Smart Moves by Ellen James Martin

Decluttering Tips for Downsizers

No matter your age or income level, if you need to get rid of some possessions due to downsizing, you’re likely to be tormented by the process.

Indeed, those at the top of the success ladder often feel the most overwhelmed when they need to purge possessions, says Vicki Norris, author of “Reclaim Your Life ... and Get Organized for Good.”

Norris, who was a real estate agent before she started her own organizing firm two decades ago, says the proliferation of inexpensive imported goods and the ease of buying online have exacerbated the problem, particularly for middle to high-income people.

Ownership of too many possessions isn’t only an emotional burden; it’s also a problem for those who need to make their place appealing to buyers to achieve a successful sale, says Dorcas Helfant, a real estate broker and co-owner of several realty offices.

“Nowadays, buyers want to start fresh in a house that’s free and clear. They can’t picture themselves living in a place jammed with other people’s stuff,” says Helfant, a past president of the National Association of Realtors (

Before embarking on the huge task of getting their property ready for market, she urges sellers to create a timeline and a checklist.

“There’s a lot of emotional turmoil with any move. But you’ll be much better off if you take a strategic, step-by-step approach rather than a disorganized one,” Helfant says.

Here are a few pointers for sellers:

-- Equip yourself with the right gear for the job.

Norris says an efficient decluttering and packing program shouldn’t require a lot of expensive equipment.

In most cases, cardboard boxes should suffice for your move. Ideally, these should be boxes of uniform size -- like the “bankers boxes” sold at office supply stores -- that will stack neatly.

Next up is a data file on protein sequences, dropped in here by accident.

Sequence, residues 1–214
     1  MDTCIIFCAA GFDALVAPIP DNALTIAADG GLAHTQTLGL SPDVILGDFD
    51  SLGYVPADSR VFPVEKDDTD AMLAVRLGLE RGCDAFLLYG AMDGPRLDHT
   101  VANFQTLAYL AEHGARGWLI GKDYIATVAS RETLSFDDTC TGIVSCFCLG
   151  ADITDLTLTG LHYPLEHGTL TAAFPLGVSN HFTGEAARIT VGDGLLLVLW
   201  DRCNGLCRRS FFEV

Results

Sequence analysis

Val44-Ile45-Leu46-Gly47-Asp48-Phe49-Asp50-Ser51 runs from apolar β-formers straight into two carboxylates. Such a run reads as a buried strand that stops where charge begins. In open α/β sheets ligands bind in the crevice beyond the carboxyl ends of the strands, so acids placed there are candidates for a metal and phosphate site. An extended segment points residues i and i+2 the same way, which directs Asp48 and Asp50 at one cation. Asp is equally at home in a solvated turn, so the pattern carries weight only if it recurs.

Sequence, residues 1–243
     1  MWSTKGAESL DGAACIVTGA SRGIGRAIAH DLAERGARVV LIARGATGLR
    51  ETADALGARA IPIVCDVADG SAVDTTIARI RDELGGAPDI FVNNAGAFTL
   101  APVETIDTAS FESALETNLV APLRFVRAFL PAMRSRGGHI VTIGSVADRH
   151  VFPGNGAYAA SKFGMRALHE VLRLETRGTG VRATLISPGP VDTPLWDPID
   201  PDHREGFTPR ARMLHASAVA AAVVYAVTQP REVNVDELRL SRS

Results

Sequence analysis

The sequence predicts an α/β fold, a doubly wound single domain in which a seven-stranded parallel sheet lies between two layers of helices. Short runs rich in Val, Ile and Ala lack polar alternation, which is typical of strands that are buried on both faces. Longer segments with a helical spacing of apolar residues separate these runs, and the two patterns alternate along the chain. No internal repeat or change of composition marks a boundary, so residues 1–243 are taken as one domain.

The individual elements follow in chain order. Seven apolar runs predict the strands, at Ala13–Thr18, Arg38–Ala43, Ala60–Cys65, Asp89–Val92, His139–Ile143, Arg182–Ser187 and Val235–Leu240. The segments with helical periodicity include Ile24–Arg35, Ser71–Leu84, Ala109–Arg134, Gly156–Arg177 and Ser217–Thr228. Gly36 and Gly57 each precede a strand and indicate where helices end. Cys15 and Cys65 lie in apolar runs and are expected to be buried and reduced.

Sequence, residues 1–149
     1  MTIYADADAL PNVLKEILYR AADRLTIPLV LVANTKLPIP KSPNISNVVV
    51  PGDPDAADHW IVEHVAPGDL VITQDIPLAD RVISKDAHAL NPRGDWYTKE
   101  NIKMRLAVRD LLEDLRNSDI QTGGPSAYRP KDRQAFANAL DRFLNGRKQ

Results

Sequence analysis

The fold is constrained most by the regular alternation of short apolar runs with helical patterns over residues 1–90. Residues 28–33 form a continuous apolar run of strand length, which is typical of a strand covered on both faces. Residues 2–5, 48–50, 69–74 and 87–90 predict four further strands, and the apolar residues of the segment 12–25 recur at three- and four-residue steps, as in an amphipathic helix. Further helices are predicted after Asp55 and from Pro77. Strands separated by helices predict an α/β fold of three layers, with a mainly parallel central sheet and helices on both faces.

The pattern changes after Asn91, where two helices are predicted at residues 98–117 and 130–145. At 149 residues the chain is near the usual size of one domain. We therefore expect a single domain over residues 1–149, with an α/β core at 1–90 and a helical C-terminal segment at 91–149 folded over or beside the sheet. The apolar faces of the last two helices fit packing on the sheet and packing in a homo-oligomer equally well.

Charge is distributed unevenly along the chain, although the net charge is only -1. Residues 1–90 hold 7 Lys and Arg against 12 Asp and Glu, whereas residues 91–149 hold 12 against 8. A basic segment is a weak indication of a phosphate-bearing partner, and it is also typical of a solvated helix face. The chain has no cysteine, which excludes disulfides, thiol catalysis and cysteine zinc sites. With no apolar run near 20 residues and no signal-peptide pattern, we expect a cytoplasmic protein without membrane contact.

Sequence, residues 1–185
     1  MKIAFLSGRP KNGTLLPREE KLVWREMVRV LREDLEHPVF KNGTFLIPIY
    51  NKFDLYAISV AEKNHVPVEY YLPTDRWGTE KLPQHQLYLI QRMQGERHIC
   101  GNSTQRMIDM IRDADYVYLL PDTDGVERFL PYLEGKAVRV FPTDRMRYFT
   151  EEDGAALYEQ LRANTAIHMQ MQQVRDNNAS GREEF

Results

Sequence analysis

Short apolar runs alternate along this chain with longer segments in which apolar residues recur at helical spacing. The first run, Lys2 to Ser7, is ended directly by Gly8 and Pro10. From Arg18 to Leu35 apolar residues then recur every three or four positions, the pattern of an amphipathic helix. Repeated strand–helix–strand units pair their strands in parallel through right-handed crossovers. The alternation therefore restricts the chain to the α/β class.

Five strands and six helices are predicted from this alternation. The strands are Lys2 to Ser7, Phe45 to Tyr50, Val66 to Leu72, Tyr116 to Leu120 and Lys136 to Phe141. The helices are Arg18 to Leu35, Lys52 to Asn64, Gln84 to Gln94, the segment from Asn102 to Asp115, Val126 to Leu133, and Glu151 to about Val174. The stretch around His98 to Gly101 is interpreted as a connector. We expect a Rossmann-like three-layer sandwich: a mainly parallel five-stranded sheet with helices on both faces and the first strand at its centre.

After pre-packing the items you’re determined to take to your next property, place these in your garage or a guest bedroom not currently in use. If possible, Norris urges you to avoid renting a paid storage unit.

“Storage units can be very expensive. People think they’ll just rent one for just two or three months. But due to their inertia, the average rental period is at least 15 months. When your stuff is out of sight, it’s out of mind,” she says.

-- Go room-by-room when decluttering and packing.

Norris says it’s very unnerving to approach a decluttering project by working on several fronts simultaneously. Instead, she advises you to tackle just one room at a time, beginning in the “public” areas of the house that will receive the most scrutiny from prospective buyers. These include your entryway, living room, dining room, family room and kitchen.

-- Take your children’s feelings into account when sifting through their toys.

Children feel an understandable sense of alarm at the notion that many of their toys will be packed up and stored away until the move is complete. As Norris says, they need reassurance that their toys will be available to them once your family reaches its destination.

How can you calm your children’s fears that their toys will be safe?

Norris suggests you involve them in the pre-packing process, making a game out of choosing a few very special toys that can remain in their room until the move is complete and placing the rest in packing boxes.

“Don’t pack their toys behind their back or they could be very upset and freak out. This could make your move even more upsetting,” she says.

-- Allow extra time to clear through your kitchen.

As real estate agents observe, most home shoppers won’t routinely look inside a chest of drawers and examine your clothes. But many will open kitchen cabinets and are very critical of countertop clutter.

“Give the kitchen top priority. No one wants to see that toaster or blender on your counter space,” Norris says.

You won’t want to remove basic kitchen items -- plates, pots, pans and utensils -- until right before you move. But much earlier, you can pack away seasonal and special-use items.

-- Realize that purging can prove cathartic once it’s done.

Few enjoy the arduous chore of sifting through years’ worth of accumulations. This project can be especially unpleasant for those who must move against their will for whatever reason.

But Norris says many who complete the process discover, much to their surprise, that they feel happier when they’re less encumbered with excess belongings.

“It’s an unexpected chance to lighten up and start over,” she says.

(To contact Ellen James Martin, email her at